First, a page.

Water network sectorization based on a genetic algorithm and minimum dissipated power paths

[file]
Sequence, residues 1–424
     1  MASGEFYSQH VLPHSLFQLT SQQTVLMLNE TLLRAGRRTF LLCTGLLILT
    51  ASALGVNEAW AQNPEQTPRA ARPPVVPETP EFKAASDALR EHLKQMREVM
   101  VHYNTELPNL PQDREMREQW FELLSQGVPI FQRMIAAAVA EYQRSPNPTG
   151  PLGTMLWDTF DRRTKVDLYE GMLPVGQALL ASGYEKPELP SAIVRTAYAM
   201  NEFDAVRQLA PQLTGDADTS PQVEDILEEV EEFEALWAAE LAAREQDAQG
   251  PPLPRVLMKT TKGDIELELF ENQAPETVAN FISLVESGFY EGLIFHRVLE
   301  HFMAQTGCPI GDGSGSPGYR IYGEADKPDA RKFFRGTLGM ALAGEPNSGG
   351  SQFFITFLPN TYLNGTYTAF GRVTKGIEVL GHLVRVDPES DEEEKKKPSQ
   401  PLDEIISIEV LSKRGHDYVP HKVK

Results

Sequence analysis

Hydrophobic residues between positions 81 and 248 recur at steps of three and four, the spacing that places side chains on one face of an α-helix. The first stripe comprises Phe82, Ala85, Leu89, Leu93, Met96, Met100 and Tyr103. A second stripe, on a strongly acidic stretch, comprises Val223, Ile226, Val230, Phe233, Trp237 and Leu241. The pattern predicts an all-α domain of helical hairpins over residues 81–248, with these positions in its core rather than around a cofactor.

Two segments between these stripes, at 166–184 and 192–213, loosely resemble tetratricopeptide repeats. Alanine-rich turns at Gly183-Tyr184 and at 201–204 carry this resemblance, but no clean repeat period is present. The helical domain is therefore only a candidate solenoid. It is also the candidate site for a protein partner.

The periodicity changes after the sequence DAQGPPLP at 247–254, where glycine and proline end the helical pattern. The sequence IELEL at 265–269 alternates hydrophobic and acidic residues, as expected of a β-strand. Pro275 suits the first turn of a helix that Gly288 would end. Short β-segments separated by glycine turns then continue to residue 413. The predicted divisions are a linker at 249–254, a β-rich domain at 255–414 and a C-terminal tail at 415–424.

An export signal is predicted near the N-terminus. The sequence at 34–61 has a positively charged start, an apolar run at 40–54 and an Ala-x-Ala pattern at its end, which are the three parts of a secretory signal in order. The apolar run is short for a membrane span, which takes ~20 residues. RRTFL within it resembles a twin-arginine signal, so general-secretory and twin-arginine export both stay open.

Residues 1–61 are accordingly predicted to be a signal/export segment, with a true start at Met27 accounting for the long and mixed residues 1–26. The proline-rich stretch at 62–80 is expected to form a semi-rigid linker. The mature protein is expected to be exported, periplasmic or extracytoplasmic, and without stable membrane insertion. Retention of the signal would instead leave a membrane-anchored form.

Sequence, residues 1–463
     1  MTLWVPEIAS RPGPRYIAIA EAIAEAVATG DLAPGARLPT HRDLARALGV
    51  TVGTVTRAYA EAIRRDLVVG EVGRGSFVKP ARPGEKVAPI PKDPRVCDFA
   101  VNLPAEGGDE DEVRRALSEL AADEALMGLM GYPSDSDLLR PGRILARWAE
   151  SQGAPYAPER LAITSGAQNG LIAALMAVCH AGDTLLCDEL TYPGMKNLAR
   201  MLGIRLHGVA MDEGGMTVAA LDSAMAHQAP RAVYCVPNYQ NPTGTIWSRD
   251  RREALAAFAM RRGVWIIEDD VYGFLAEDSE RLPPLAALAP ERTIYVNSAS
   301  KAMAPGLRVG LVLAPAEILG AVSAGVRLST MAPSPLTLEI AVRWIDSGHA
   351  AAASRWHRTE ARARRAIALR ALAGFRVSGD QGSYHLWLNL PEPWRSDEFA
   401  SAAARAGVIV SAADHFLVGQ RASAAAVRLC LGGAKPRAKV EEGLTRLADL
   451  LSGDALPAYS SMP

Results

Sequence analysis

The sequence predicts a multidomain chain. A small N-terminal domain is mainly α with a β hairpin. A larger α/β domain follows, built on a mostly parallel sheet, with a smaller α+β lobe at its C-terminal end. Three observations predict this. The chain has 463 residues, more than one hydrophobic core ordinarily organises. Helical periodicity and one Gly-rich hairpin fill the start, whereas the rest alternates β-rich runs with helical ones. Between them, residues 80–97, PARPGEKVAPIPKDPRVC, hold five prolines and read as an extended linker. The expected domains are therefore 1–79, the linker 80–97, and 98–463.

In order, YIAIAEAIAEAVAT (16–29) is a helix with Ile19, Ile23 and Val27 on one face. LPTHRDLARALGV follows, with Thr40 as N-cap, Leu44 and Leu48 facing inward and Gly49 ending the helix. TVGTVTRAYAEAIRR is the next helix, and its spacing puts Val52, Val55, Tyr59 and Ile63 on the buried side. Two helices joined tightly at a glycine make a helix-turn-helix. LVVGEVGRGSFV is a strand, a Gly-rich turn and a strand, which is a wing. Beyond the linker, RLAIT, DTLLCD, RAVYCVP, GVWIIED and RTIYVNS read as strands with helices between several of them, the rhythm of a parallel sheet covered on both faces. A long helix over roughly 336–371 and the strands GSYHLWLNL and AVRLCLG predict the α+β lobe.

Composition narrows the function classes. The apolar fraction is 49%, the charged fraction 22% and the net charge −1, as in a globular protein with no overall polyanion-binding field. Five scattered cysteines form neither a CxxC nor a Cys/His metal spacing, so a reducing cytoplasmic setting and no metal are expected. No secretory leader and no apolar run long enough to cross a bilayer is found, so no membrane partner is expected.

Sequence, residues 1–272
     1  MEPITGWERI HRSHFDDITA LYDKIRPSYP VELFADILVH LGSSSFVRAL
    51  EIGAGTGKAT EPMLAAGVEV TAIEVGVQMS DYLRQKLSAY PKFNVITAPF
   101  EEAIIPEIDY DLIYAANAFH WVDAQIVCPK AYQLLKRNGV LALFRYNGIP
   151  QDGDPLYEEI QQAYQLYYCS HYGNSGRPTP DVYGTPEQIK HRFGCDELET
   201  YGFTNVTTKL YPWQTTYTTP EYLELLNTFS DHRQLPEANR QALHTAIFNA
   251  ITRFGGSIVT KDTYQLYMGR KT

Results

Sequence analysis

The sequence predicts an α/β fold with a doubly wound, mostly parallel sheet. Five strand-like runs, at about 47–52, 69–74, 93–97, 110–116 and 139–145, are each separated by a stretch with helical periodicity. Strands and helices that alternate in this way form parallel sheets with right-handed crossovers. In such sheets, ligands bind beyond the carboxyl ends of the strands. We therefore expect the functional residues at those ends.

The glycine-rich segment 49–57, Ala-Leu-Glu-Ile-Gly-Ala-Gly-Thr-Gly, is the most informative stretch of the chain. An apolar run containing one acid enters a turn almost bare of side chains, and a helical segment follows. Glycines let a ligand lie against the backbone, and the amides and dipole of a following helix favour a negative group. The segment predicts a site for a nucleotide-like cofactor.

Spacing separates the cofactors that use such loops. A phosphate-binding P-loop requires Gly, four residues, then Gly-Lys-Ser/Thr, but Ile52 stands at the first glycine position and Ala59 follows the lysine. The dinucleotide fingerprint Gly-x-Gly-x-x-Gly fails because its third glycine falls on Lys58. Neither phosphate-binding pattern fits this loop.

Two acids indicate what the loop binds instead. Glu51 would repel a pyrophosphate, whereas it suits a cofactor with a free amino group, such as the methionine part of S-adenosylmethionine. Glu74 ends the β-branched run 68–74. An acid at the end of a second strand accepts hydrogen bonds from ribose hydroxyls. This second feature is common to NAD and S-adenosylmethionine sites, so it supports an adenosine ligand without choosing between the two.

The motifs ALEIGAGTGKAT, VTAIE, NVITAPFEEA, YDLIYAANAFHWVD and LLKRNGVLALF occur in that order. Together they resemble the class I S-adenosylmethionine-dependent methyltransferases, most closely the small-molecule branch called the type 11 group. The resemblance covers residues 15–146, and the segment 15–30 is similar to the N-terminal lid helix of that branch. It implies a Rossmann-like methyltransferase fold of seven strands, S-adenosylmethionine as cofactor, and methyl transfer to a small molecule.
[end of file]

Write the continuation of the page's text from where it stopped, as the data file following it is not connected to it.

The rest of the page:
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Water Network Sectorization (WNS) consists of dividing a water system into sectors with an independent water supply. When each district is supplied by its only water source the districts can be defined as i-DMAs (isolated District Meter Areas) because they are completely cut off from the rest of the water network. This isolation of the i-DMAs may decrease hydraulic performance of the water system reducing its topologic (network loops) and hydraulic (diameter sections) redundancy. Traditionally the design of WNS is carried out by empirical or simulation assisted trial-and-error approaches that are difficult to apply to large water distribution systems. In this paper an original methodology for automatic sectorization of water networks is proposed. The methodology is based on Shortest Path techniques that allow defining a tree graph of the network with dissipated power used as weight of the pipes (or links). Once the districts are found, a swapping phase follows which is achieved by using a genetic algorithm (GA) that allows refining the choice of nodes that belong to each district. The objective function of the GA is based on network mean pressure. The methodology was tested, using different performance indices, on two real water supply systems.

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